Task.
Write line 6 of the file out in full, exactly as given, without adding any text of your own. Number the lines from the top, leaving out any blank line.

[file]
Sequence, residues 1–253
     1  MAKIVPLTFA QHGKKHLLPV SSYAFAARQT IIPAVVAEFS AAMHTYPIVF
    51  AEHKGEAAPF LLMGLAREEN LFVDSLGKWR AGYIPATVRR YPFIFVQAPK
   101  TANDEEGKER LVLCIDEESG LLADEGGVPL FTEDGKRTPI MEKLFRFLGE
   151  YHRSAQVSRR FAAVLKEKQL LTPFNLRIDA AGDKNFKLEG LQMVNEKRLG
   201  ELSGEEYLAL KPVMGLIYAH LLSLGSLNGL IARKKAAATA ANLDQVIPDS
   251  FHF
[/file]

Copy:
   201  ELSGEEYLAL KPVMGLIYAH LLSLGSLNGL IARKKAAATA ANLDQVIPDS